Heartland

Heartland

5.0 1
by Diane Siebert
     
 

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Here, in their second stunning collaboration, Diane Siebert and Wendell Minor create a joyful, singing celebration of this country's Heartland, the Midwest. It is a land where wheat fields grow and cornfields stretch across the plains to create a patchwork quilt in hues of yellow, green, and brown; a land where herds of cattle graze in pastures draped in lush,

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Overview

Here, in their second stunning collaboration, Diane Siebert and Wendell Minor create a joyful, singing celebration of this country's Heartland, the Midwest. It is a land where wheat fields grow and cornfields stretch across the plains to create a patchwork quilt in hues of yellow, green, and brown; a land where herds of cattle graze in pastures draped in lush, green grass, and a newborn calf stands in the sun.

And upon this land toils the farmer, strong and proud, whose weathered face tells a tale of a life of work that's never done. The Heartland — a land where, despite man's power, nature reigns. 1989 Children's Editors' Choices (BL)
Notable 1989 Childrens' Trade Books in Social Studies (NCSS/CBC)
1990 Notable Trade Books in the Language Arts (NCTE)
Favorite Paperbacks for 1994 (IRA/CBC)

Author Biography: Diane Siebert is the author of Mojave, a 1988 Booklist Children's Editors' Choice, a 1988 Notable Children's Trade Book in Social Studies, and a 1989 Teachers Choice, and Heartland , a 1989 Booklist Children's Editors' Choice, a 1989 Notable Children's Trade Book in Social Studies, and a 1990 Notable Children's Book in the Language Arts. Ms. Siebert lives at Crooked River Ranch, Oregon.

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Editorial Reviews

Publishers Weekly - Publisher's Weekly
As with their Mojave , Siebert and Minor again take on the considerable challenge of treating land as character and narrator, with salutary results. Strong, assured verses and paintings create a vital celebration of the American midwest in its many faces, from farmland to town to cityscape. The ``patchwork quilt'' of fertile fields is dotted with storefronts and grain elevators; in turn, ``farm and city rhythms merge'' in the mills, stockyards and skyscrapers that rise out of the plains. Among these panoramas shines the quiet dignity of the farmer, the stolid serenity of his beasts and the majesty of the land itself. In less able hands, this could easily have lapsed into sentimentality. Siebert and Wendell skirt that possibility neatly in a paean which, reminiscent of the works of Carl Sandburg, embraces the harshness and wrinkles as well as the beauty of the land--a place where, as readers are reminded, ``Nature reigns.'' Ages 4-8. (Mar.)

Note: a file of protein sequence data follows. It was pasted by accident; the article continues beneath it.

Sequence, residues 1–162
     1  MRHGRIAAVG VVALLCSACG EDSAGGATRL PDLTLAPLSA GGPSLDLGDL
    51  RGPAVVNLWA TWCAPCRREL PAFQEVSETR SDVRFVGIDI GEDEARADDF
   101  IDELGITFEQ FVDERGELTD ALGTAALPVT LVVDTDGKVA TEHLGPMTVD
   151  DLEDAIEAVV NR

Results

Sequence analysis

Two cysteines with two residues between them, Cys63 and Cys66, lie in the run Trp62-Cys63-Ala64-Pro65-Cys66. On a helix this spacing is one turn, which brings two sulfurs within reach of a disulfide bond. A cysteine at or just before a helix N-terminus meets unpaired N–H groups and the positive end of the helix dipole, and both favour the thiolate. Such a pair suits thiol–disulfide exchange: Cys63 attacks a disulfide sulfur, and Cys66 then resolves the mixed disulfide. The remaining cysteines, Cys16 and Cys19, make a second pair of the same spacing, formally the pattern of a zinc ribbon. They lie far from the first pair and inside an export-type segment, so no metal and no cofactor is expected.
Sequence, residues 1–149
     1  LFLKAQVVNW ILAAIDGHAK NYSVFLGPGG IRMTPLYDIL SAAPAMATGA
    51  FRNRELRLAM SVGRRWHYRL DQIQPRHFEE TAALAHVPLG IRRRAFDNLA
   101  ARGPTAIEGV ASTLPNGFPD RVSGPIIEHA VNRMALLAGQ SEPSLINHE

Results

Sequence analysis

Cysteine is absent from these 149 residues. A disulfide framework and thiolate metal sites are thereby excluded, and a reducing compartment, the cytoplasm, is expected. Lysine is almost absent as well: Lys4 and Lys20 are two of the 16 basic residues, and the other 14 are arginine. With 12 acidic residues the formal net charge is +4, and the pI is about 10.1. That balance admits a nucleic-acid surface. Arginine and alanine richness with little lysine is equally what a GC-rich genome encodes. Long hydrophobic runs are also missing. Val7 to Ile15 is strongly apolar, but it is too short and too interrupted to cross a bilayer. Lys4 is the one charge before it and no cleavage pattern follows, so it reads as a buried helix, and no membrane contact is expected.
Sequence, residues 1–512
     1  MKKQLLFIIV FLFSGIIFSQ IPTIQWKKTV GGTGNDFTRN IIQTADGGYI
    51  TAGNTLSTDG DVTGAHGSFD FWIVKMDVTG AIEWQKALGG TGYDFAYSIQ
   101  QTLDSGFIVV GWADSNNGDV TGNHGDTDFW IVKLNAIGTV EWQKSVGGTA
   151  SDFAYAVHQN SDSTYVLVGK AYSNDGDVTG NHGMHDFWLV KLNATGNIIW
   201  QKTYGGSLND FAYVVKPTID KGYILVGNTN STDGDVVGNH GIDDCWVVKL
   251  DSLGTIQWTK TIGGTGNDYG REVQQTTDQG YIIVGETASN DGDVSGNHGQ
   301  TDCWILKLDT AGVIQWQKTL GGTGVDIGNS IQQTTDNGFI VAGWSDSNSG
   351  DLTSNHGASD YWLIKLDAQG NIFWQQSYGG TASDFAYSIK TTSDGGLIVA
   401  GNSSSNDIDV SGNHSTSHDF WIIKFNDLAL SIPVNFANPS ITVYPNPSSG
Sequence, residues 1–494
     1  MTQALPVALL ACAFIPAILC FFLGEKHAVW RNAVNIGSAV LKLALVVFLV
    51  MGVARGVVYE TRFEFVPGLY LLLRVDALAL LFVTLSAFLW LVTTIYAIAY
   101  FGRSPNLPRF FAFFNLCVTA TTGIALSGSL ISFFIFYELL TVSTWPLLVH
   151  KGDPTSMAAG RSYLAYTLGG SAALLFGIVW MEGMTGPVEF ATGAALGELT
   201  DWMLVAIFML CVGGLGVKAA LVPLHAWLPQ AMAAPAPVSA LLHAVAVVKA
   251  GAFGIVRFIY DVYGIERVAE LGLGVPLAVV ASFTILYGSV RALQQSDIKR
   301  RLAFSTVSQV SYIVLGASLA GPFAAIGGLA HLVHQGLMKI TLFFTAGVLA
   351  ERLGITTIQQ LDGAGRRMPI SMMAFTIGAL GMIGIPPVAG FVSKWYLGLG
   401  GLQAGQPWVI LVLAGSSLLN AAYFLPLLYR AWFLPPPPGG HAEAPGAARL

School Library Journal
Gr 1-4-- A hymn to the American farmer, to whom Siebert dedicates the book. Her poetry sings the praises of the landscape of the Great Plains, including the malevolence of nature and the human spirit which works against it to bring the land into fruition. In blank verse, the sentiment is reminiscent of Carl Sandburg on Chicago. The scenes on each page are isolated, grouped around the passing seasons, with special attention to summer, when the farmer's efforts on the landscape are most obvious. For all of the attention just given to the verse, the pictures are what dominate the book. With Edward Hopper realism, the watercolor double-page spreads, each framed with a black line, have photographic immediacy to them. On the one hand, they catalogue small-town life, complete with antique storefronts of the 1920s and 1930s; on the other hand, the cars parked out front are clearly late models. The pictures are striking and arresting. But the cow and nursing calf featured as the penultimate picture and on the back cover signal what is wrong with this book. It is an idealization and romanticization of a way of life that does not exist and never did. The pictures feature clean farms with never a flake of cracked paint, cows without manure, amber waves with never a lighting insect on them. The book takes itself very seriously, with its finely crafted pictures and poetry, but it's all so perfect--even the tornadoes--that it's hard to take the whole effect seriously. A book with such beautiful pictures is fascinating, but the glib glossiness with which the midwest is presented is just not realistic. --Ruth K. MacDonald, Purdue University Calumet, Hammond, Ind.

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Product Details

ISBN-13:
9781567925364
Publisher:
Godine, David R. Publishers, Inc.
Publication date:
10/06/2015
Pages:
32
Sales rank:
1,111,517
Product dimensions:
7.80(w) x 9.80(h) x 0.70(d)
Age Range:
8 - 12 Years

Meet the Author

Author Bio
Diane Siebert is the author of Mojave, a 1988 Booklist Children's Editors' Choice, a 1988 Notable Children's Trade Book in Social Studies, and a 1989 Teachers Choice, and Heartland , a 1989 Booklist Children's Editors' Choice, a 1989 Notable Children's Trade Book in Social Studies, and a 1990 Notable Children's Book in the Language Arts. Ms. Siebert lives at Crooked River Ranch, Oregon.

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